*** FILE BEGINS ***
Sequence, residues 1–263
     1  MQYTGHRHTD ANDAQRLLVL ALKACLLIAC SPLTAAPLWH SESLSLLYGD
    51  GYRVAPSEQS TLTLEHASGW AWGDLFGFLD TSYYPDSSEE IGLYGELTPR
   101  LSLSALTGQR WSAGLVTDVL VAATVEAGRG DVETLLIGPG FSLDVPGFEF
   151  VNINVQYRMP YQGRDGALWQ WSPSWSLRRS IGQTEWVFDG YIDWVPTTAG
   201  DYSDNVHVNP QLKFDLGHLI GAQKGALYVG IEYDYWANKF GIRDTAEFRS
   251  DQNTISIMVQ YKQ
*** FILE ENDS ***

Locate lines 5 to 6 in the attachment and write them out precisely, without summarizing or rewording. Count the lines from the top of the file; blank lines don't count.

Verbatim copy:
   151  VNINVQYRMP YQGRDGALWQ WSPSWSLRRS IGQTEWVFDG YIDWVPTTAG
   201  DYSDNVHVNP QLKFDLGHLI GAQKGALYVG IEYDYWANKF GIRDTAEFRS